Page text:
• Hey if people want to be hedonists and live in the moment and spend every last nickel they have (and often more), then they should have the freedom to do just that! I won’t get mad at them at all. Just as long as they don’t get mad at us “fat cat” teachers who have this magical pension that materialized from no where.

  3. In Australia we have compulsory retirement funds that employers have to contribute 9% into. You can also personally contribute money and if you earn less than 60K the government will match dollar for dollar up to $1,500 (on a sliding scale). It isn’t a bad systems, at the very least it helps to ensure people have something to help them live on when they do retire.

    • I actually really like this idea. We have CPP in Canada which is quite similar, but I like the idea of personal responsibility. Government should not have to force us to take care of ourselves!

  4. I look at the CPP as a tax, which it essentially is since most of that money is used to pay off current pensioners instead of being put away for my own future. I liked Sam’s quote, but, I don’t know what will happen in the 30-40 years when it’s time to get back what I’ve put in.

    I also take advantage of the RRSP match that I have with my employer. Why would you pass up extra money? ;)

    • Just to be a little pedantic ;) , one has to keep in mind that “the hundreds of dollars that automatically came off their paycheques every month in order” did originate from the taxpayers, if we’re talking about public employees, so while it might be “their own money” it has a different qualitative aspect as taxpayers, unlike consumers, cannot say no.

      • Oh, absolutely true IIW. So then the separate issue of how much do teachers and other public employees deserve to make comes into play; however, I’m sure you can agree that public employees have to be compensated to some level right? One would argue that a certain equilibrium must set in between the public and private sectors at some point?

        • The only salary that would reflect everyone’s subjective preferences would be what they would be allocated on a voluntary basis, i.e., by customers instead of taxpayers. ;)

          Otherwise, there is no solution to determine what’s fair because it breaks down into one person’s opinion against another. We can argue all day over what the role of the public sector should be, but the only objective fact here is that taxation does not reflect people’s true subjective preferences, for if it did there would be no reason to tax. People certainly don’t need to be taxed to buy iPods or whatever.

          • I would argue that there is a private school system that competes directly with the one offered by the public sector. This indirectly places some limit on wages. If there is a private system that can accomplish education better, then over time more consumers will drift to this system.

    • From what I’ve read, the CPP is solvent due to our “gently” increasing rates? I’m thinking it will shrink by the time we get there, but I’m fairly certain the percentage being used to fund current pensioners must be fairly minuscule. Although, one could argue that when we take on debt, yet still pay pensioners, it is somewhat of a tax on the younger generations.

      If more people took advantage of the “free money” that comes with company matches, there would be far less pension envy.

      • The thing is, the money isn’t actually being put away for me. I don’t know what the future will be like, so I will be happy if I can get some of it back, but I don’t want to count on what I don’t know. Maybe the young people of the generation will vote to end CPP benefits cause taxes are too high, or something like that. ;)

        For company matches, 100% agreed! Don’t know why people wouldn’t take advantage of that. They are not that common though; I am pretty lucky to have one at my own company.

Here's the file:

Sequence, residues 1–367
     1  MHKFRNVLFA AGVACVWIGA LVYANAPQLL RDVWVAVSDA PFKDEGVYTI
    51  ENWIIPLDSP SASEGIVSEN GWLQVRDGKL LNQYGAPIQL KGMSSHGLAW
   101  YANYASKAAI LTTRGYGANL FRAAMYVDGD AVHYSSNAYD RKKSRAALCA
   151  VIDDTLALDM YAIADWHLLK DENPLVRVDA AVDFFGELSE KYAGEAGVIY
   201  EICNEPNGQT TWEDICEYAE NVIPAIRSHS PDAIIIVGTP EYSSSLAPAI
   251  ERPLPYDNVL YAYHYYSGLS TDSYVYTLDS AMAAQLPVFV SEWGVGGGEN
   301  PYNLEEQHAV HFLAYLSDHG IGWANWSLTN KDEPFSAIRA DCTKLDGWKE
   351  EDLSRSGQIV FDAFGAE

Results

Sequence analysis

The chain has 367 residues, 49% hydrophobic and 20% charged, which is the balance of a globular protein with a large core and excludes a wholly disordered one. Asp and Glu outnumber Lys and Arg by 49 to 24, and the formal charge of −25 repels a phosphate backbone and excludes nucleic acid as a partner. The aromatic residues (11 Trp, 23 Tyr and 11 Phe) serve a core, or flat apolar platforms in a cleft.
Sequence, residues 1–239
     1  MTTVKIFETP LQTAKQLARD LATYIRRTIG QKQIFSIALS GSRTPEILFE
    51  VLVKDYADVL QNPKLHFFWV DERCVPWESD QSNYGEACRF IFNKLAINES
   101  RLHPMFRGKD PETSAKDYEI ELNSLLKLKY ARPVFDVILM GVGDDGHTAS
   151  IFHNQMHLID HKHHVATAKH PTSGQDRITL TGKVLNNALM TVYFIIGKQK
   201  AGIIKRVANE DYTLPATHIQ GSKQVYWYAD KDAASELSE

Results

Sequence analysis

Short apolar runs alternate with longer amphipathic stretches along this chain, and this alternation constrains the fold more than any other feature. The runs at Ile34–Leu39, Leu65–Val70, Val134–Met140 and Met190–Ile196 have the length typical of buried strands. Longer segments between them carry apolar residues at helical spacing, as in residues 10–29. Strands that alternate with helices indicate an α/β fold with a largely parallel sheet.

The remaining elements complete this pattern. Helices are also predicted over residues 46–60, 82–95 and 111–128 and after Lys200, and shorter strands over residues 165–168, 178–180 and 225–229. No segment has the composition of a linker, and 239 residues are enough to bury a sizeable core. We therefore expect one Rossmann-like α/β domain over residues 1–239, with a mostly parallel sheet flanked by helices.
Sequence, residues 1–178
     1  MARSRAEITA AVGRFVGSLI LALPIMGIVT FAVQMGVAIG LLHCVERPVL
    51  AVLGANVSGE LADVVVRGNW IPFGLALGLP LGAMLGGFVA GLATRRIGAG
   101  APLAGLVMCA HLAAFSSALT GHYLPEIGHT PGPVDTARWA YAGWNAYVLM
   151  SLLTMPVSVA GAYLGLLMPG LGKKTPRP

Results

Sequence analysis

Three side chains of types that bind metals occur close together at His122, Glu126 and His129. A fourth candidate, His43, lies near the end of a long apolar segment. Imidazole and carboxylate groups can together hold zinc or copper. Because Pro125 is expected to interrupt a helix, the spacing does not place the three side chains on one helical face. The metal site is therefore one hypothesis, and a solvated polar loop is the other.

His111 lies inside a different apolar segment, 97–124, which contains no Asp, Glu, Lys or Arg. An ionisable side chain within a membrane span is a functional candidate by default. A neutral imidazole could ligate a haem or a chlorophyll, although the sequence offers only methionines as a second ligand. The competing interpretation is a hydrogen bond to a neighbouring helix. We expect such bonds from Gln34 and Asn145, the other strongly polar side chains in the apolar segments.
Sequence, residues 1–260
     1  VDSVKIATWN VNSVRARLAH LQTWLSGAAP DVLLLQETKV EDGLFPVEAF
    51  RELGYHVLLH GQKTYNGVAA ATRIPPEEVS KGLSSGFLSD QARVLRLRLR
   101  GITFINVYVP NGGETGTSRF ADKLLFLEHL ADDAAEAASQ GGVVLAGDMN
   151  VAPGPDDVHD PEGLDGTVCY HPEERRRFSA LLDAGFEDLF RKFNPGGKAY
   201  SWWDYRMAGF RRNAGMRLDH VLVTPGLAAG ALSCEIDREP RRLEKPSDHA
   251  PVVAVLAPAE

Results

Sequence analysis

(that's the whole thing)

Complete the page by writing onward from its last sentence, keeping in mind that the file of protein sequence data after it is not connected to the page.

5. I don’t know. The public system can outcompete any private system by running at a loss. However I like the competition that comes from the Internet. Never before had so many people had a voice before, or such easy access to information. I hope this can continue and that neither government nor big business clamps down on this freedom.

  6. I am in the US, and work for our state government. We have a pension that you become vested in at 5 years (I have been working here for a little over 3). It is mandatory, and it is 6.45% of our paychecks with a matching 6.45% from our employer. I checked just last week to see how much I would receive each month when I retired if I only worked to 5 years, and the estimate is $350.

    • And the real beauty is that anyone could set up this plan. If you’re not saving at least 6.5% (really 10%), then you need to re-evaluate a few things. One of my goals in the new year is to save 35% of my net income (in addition to by DPP).

  7. Most people working in the priivate sector have no pension. They work at lower salaries than government employees, have far less job security, no automatic wage increase, no labor unions holding the public hostage.

    Worse yet, they are forced to pay for the gold plated pension plans of government employees AND they are forcced to guarantee the gambling losses of government pension funds in the stock market.

    What kind of capital is needed to support a retired teacher hitting the golf course at 55? Annual payout is many tens of thousands and thus milliions of dollars are needed to support that lifestyle – all coming from people struggling to make ends meet in the private sector. Nobody in the private sector unless they are banking crooks can save anything.

    Everything that is government needs to be privatized. When you see things from the private sector level, you’ll get a whole new prespective

    • While I actually agree with you to some extent Nonsense, there are actually many benefits to working in the private sector as well. You are free to use the TFSA and RRSP savings tools to create your own pension, no one is stopping you. If you assume that investment returns will average 8% over time, in fact it would take less than 1 million dollars to payout a teacher year after year, after they turn 55, so I’m not sure where that figure comes from. Most companies offer a company match just like the government matches teachers. I’ve done some limited private work, and my father owns his own small business, so I’m quite familiar with the comparison actually.